The Parish Church of Saint Mary the Virgin
This building was consecrated as a parish church in 1315 and has always been the mortuary chapel of the Clifford family of Frampton. The East End was later modified when the Clifford family added chapels on both sides of the chancel.
The siting of the church may seem odd – in that it faces away from the main part of the village - but when built, it looked out over a busy scene. There was no Gloucester-Sharpness canal then, however the church looked upon a tidal creek or Pill, which brought trading vessels to a wharf only a few hundred feet away. There was a tannery and a brick works, with much ferrying of goods back and forth across the river.
The north door, which is also the tower door, looks towards the ancient avenue of trees (known as the ‘Narles’) from the village.
The ancient lead Font is of great interest. It is one of only six identical Romanesque fonts surviving in this country. It is believed to be older than the present building, and poses the question as to whether there was a church previously built on this site – or perhaps there was one elsewhere in the Parish, from which this font was acquired.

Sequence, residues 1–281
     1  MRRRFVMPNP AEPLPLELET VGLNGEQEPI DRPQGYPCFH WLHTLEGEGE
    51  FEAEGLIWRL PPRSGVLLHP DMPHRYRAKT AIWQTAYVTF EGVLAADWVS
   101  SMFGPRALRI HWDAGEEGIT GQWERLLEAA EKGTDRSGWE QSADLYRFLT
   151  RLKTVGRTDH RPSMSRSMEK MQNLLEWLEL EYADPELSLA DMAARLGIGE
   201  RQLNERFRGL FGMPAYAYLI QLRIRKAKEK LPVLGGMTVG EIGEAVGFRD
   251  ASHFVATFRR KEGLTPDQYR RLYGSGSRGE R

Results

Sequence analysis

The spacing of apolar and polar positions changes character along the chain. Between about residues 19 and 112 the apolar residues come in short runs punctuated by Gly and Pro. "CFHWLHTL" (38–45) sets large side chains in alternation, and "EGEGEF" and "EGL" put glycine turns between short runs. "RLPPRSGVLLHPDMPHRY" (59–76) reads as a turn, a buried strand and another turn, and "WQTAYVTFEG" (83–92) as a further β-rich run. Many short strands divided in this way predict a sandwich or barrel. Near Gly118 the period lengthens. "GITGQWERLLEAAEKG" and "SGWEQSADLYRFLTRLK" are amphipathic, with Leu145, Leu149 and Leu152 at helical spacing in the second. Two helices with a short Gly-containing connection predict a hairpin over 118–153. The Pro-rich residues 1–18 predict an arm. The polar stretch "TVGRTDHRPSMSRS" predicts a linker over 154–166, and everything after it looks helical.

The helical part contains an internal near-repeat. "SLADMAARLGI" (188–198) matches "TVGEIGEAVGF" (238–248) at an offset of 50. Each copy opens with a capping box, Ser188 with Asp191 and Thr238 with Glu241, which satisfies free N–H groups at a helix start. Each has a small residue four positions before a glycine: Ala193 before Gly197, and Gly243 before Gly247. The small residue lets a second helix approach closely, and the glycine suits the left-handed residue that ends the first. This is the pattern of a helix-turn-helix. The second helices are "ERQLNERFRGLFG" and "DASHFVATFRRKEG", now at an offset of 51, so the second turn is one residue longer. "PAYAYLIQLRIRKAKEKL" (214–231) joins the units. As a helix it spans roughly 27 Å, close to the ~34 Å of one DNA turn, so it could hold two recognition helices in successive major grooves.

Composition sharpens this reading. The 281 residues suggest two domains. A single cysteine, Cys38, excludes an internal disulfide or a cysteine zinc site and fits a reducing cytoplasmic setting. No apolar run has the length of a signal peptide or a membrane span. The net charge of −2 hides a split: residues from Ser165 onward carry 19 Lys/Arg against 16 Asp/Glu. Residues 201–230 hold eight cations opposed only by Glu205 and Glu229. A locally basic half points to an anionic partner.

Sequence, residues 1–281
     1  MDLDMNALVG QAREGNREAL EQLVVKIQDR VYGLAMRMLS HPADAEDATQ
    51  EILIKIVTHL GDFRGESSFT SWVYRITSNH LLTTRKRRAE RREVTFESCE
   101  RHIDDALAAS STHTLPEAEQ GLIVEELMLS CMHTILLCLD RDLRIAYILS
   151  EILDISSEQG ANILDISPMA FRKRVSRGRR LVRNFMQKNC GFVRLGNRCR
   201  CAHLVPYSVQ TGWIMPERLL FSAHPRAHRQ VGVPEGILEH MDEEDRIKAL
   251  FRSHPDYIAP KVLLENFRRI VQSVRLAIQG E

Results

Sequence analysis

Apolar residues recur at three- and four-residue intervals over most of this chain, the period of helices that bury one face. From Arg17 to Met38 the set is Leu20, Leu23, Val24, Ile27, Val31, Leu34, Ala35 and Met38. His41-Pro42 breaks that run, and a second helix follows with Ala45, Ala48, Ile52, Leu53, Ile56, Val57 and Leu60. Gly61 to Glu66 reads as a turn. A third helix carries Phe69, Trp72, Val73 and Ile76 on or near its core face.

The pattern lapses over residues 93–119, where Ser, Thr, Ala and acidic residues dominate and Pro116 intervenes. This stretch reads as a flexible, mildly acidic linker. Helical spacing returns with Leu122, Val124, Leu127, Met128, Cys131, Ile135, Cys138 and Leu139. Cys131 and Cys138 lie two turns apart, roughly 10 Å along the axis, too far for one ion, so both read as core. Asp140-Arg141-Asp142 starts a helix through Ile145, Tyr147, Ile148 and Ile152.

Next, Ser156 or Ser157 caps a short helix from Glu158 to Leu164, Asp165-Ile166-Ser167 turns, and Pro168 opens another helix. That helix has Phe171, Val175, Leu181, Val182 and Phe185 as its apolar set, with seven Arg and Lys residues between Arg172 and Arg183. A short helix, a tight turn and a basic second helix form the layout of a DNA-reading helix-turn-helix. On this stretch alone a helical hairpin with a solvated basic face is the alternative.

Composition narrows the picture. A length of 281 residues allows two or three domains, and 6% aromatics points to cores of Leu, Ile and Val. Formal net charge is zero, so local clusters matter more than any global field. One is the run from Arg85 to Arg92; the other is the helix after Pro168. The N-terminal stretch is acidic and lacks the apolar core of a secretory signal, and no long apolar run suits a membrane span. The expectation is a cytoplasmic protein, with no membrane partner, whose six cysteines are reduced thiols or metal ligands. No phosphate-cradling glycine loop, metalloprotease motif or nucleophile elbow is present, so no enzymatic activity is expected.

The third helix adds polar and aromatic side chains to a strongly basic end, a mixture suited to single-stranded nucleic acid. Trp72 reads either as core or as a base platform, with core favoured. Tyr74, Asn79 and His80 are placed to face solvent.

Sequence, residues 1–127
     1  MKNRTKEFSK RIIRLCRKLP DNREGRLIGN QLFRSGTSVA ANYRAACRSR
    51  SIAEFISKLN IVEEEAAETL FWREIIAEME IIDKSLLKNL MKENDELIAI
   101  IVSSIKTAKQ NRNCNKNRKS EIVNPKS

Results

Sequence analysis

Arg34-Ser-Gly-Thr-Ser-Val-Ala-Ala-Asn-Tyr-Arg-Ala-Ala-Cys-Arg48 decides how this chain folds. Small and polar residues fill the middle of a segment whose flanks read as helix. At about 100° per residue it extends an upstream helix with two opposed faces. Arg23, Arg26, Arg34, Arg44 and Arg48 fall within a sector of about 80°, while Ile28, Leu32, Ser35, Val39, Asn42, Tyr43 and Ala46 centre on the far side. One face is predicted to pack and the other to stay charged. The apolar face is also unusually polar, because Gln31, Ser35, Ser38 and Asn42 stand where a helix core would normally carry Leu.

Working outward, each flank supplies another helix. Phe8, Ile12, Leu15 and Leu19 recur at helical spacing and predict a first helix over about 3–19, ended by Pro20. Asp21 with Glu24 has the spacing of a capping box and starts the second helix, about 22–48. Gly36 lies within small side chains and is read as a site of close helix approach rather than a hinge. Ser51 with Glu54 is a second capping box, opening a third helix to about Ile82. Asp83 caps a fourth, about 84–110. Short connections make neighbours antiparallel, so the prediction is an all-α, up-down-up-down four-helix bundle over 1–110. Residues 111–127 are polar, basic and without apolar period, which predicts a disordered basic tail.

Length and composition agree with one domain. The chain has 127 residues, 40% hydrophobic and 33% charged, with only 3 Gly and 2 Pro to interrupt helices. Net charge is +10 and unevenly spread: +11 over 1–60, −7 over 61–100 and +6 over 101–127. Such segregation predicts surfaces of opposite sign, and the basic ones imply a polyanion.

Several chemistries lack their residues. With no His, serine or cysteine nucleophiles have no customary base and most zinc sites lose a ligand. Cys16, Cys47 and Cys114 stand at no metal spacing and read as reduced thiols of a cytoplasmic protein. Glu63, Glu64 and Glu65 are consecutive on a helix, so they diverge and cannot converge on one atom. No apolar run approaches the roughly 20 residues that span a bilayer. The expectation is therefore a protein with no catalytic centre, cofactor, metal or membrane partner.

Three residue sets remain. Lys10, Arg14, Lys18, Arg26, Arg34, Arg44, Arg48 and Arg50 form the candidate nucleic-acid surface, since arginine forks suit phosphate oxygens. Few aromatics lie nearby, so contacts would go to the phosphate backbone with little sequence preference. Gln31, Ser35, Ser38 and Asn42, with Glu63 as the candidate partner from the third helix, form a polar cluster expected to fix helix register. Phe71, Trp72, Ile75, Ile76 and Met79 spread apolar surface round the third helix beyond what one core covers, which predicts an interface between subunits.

The easternmost recess along the wall of the North Aisle and Chapel, hold an effigy of a woman clad in loose gown and long mantle. This probably represents the wife of a 14th century member of the Clifford family. To the west of this is a life-sized cross-legged figure of a knight in chain mail and sir-coat. He holds a shield in his left arm and his feet rest on a dog, and he is believed to be an early member of the Clifford family.
Miss Ann Wicks, a resident heiress, made a bequest for purchasing a Communion Plate in her will of 1838. She left £1000 for this purpose, so a chalice and paten of pure gold was obtained. The plate was later sold, as its possession seems to have been regarded as a great liability. A silver-gilt set of chalice, two patens, flagon and alms dish were then bought, and these are still is use today.